KPIX reporter Don Ford was preparing to interview nearby homeowners for a reaction to the break-ins when four men pulled up in a white luxury sedan.
“The car came up here while we were about to do an interview, three guys jumped out. One had a gun and put in my face and said, ‘We’re taking the camera’,” Ford told the news station on Wednesday.”My whole thought at the moment was be calm. Let’s not get this guy excited. He’s got the gun. I don’t. So you take you the camera. It’s yours Buddy.”
Supervisor Rafael Mandelman, who represents the city’s District 8, which includes Twin Peaks, said authorities were working to find the individuals responsible and recover the camera.
He called the incident “ridiculous & unacceptable but not entirely unexpected in San Francisco in 2021.”
“We need to adequately resource public safety agencies, adopt better strategies to stop repeat offenders & make clear that San Francisco is not a place that you can commit crimes & put people’s lives at risk with impunity,” he added.
The San Francisco Police Department saw a $25 million budget cut between fiscal year 2020 and fiscal year 2021, going from $692.9 million to $667.9 million.
In December, San Francisco Mayor London Breed directed all city departments to propose ongoing reductions equal to 7.5% of adjusted general fund support, and an additional 2.5% contingency proposal if the pandemic gets worse. She also asked departments to “prioritize core services” and “present clear tradeoffs when presenting proposed reductions.”
San Francisco is projecting a budget shortfall of approximately $653.2 million over the upcoming two budget years, out of an annual general fund budget of approximately $6 billion. Breed said the shortfall is a result of “slower than expected revenue growth, costs for employee salaries and benefits, and additional costs to respond to COVID-19.”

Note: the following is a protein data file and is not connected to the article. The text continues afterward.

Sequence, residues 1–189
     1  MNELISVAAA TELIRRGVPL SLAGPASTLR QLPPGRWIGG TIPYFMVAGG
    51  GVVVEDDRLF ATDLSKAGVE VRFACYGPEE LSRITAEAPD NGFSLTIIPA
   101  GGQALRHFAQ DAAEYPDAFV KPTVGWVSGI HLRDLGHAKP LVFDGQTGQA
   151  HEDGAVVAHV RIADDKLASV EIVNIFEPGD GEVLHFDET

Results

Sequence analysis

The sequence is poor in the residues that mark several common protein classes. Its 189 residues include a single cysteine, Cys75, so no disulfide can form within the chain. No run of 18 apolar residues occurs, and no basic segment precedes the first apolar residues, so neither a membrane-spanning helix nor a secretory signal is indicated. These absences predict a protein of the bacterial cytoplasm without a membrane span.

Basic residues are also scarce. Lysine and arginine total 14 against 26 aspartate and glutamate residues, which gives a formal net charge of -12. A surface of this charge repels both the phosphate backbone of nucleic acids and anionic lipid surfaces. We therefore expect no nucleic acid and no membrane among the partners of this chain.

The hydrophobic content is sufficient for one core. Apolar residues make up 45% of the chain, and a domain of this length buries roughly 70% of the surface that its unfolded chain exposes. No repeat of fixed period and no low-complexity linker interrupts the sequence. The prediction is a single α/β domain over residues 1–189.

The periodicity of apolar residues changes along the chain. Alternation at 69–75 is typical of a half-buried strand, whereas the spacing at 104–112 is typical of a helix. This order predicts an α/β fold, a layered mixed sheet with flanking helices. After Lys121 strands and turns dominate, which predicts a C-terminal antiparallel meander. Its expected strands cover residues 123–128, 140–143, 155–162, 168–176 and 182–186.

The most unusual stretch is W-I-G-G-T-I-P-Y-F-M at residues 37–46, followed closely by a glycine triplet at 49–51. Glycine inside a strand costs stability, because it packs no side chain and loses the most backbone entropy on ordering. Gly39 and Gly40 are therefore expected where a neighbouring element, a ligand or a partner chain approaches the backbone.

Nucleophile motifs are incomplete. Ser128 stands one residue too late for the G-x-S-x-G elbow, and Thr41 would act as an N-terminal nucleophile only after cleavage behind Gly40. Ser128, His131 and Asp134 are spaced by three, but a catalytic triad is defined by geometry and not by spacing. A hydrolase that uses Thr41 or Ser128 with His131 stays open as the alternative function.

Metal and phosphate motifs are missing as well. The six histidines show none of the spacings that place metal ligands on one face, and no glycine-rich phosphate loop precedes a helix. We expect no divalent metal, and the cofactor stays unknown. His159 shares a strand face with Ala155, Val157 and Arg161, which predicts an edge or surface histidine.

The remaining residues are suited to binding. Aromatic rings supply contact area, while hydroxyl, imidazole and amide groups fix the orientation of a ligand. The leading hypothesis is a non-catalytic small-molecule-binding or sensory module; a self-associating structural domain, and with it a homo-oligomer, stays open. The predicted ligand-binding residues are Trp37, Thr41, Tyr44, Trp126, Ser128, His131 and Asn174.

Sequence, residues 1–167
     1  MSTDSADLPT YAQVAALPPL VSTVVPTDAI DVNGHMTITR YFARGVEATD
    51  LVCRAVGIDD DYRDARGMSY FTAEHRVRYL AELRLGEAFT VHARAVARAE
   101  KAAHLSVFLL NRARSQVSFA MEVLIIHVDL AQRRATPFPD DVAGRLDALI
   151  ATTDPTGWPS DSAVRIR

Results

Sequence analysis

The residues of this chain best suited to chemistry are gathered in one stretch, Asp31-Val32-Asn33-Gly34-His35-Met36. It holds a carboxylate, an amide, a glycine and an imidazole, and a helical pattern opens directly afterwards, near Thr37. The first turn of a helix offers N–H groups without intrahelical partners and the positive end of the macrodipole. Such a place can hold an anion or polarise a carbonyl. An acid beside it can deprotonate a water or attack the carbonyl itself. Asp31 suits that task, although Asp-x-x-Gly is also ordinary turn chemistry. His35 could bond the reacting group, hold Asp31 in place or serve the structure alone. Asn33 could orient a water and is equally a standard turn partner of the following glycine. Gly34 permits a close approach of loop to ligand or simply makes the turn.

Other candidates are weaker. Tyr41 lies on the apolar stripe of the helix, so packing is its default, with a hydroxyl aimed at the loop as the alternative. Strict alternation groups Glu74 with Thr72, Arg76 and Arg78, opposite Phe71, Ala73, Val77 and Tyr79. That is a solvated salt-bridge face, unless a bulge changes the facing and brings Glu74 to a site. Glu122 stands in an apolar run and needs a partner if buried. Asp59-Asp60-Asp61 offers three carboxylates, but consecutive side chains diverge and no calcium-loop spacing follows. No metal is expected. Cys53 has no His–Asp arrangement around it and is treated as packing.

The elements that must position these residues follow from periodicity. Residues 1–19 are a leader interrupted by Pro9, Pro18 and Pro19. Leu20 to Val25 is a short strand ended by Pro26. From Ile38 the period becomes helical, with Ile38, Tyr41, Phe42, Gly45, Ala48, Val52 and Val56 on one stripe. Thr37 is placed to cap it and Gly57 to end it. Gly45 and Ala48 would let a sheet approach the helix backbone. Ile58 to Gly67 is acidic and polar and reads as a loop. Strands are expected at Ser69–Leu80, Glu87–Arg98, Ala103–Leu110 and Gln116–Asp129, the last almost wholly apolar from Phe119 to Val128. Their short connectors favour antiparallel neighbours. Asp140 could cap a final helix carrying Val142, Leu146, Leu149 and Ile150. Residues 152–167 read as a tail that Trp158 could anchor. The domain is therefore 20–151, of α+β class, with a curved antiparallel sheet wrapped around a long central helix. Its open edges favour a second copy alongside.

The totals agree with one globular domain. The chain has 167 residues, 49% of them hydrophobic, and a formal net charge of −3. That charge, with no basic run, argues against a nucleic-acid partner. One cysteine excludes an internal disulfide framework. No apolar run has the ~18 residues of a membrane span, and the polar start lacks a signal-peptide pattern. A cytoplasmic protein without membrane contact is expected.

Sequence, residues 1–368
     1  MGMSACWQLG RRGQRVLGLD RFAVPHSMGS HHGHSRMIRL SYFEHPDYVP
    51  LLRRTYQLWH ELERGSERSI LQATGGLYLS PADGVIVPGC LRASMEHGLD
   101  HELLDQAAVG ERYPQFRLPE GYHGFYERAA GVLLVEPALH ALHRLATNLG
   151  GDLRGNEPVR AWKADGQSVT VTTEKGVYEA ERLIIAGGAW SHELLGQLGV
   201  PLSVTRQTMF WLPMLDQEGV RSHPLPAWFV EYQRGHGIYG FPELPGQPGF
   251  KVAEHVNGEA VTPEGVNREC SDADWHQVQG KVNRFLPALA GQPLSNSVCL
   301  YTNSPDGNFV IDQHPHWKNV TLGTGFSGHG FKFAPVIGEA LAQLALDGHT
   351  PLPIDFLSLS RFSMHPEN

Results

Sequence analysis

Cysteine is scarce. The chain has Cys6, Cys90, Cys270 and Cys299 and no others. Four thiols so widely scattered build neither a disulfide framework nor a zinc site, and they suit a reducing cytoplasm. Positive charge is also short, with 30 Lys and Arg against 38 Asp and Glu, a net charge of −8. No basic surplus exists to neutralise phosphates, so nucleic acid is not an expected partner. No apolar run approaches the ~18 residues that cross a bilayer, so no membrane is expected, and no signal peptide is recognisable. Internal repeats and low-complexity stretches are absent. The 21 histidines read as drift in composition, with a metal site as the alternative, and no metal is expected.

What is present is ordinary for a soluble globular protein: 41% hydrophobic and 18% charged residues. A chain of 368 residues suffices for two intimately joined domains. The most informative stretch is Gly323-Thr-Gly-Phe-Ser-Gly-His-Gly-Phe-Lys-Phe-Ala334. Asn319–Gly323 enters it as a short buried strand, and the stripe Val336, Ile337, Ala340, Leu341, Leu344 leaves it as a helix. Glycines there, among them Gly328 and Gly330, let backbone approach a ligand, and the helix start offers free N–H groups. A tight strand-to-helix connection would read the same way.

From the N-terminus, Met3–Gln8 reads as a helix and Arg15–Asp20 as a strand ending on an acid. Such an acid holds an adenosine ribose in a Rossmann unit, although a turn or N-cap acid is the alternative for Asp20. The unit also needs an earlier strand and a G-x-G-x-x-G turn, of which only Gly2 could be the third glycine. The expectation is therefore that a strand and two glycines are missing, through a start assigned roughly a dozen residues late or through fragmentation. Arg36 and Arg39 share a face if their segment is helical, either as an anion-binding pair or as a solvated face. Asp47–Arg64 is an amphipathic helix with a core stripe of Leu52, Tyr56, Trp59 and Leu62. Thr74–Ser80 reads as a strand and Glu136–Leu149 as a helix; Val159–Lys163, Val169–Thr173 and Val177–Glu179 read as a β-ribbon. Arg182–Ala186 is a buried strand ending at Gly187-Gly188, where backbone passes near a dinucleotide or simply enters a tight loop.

According to a two-year budget proposal that was presented to the San Francisco Police Commission last month, the department estimates its base budget must reduce adjusted general fund support by nearly $37 million and reduce an additional $12 million for contingency should fiscal conditions worsen.
Fiscal year 2021 and 2022 budget reductions proposed include cuts to all vacant positions, vehicle replacements, three out of four academy classes over the next two years, an $8 million cut to overtime in fiscal 2021, a $12 million cut to overtime in fiscal 2022 and no funding for technology or capital improvements.
The 7.5% general fund cuts are estimated to result in layoffs for 167 sworn officers and 43 civilian personnel. Of the 167 officers who would be laid off, 30 percent would be Latino, 28 percent would be Asian and 9 percent would be Black. The department is currently 18 percent Latino, 17 percent Asian and 10 percent Black. Police added that the additional 2.5% contingency cut could mean layoffs for an additional 56 officers and 14 civilian personnel.
The SFPD projected as part of its proposed budget that it could have as few as 1,502 officers by 2023 if no academy classes are funded and sworn staffers are laid off. The police budget for fiscal year 2022 is expected to drop to $603 million if the reductions are implemented.
The latest incident comes as citywide burglaries and motor vehicle thefts are on the rise. According to the city’s latest crime data, burglaries are up 59.4% and motor vehicle thefts are up 20.8% so far this year.
The SFPD’s Park Station said Ford’s camera was recovered on Thursday and that the incident remains an active and ongoing investigation. Anyone with information is asked to call the SFPD tip line at 1-415-575-444 or text a tip to TIP4111 and begin the text message with SFPD.